Paper Chase: Midterms

 
The unemployment rate of is the best it has been since July, 2008. The 214,000 jobs created in October were slightly below analysts’ expectations. The data was also revised higher for previous months.
 
Crude oil is at a new 4 year low this week falling below 80 dollars. This is due to weakening global demand, increasing American supply, and the stronger dollar.
 

Jobs

In addition to the U3 number falling to 5.8%, the labor force participation rate is stabilizingg, and the U6 underemployment rate is now at the level where the Fed started tightening in 1994. All of these metrics show an economy and market headed in the right direction. As we previously mentioned, wage pressures are important, though I think they may have bottomed.
 

Midterms

The lack of growth in wages were not good enough for most Americans last week. Voters were unhappy with the President, his performance, and the economy as they took the Senate and governorships in Maryland, Massachusetts, Illinois and other blue states. This was not a vote of confidence for the Republican Party, but more a vote of no confidence in economy. This was the lowest turnout for a midterm election in 72 years.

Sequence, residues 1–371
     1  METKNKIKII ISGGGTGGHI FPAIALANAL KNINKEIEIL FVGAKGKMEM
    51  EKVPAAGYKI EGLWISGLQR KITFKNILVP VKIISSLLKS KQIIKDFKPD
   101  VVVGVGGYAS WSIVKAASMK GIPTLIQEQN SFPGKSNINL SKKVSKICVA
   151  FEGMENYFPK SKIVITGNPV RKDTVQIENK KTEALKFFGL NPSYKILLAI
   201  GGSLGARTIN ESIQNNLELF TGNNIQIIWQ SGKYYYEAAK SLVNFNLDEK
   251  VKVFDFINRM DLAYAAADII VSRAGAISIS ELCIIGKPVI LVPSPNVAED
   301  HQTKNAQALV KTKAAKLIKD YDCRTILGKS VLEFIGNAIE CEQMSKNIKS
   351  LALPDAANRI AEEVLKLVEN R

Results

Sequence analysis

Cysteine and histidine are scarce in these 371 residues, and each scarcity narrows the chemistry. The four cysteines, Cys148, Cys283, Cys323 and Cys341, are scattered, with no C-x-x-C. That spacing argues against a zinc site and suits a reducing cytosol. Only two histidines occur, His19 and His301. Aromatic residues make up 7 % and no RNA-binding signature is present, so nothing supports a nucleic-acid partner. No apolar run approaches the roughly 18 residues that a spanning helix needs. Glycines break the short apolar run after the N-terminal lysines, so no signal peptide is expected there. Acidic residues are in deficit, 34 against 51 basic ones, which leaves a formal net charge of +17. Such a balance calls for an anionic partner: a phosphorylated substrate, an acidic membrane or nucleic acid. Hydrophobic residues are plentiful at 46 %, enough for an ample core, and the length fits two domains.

In the new Congress, I expect trade deals with Asia and Europe giving the President fast track trade authority. There could be some corporate tax reform to lower the overall rate and close some loopholes. I don’t think much will get done though as a narrow window for action. Obama will act unilaterally on immigration, and I expect Republicans will fight him on that, along with Obamacare and many other issues.
 
While markets are normally positive after midterm elections, the bar and expectation of something positive coming out of Washington is so low, that anything will be a silver lining. I expect the midterms to have little to no impact on this beastly market. Specific legislation may include a medical device tax, and authorization of the Keystone Pipeline. If not, oh well. There is nothing but upside in this market.
 
We also know that there will be no confrontation over the budget and the debt ceiling. Eventual Senate Majority Leader Mitch McConnell’s stated goal is to get Congress and Senate working again. This means there will be no shutdowns of the government nor threats to default on the debt. In other words, we will not be shooting ourselves in the foot.
 
I continue to be optimistic despite and often times in spite of what’s happening in DC and not because of it. Lower oil prices are unambiguously good for the majority of the economy as 70% of it is consumer spending, and savings from lower gas prices would be tremendous. Earnings and markets are at an all time high, and in an environment where the 10 year treasury yield is 2.3%, equities are compelling. Roughly a third of the companies in the S&P 500 have higher dividend yields than the 10 year treasury. Multiples will continue to rise, and the biggest risk in the market now(higher inflation) is at least a year away. Actually, wage inflation would not be a bad thing now.
 

60,000 Dow by 2030?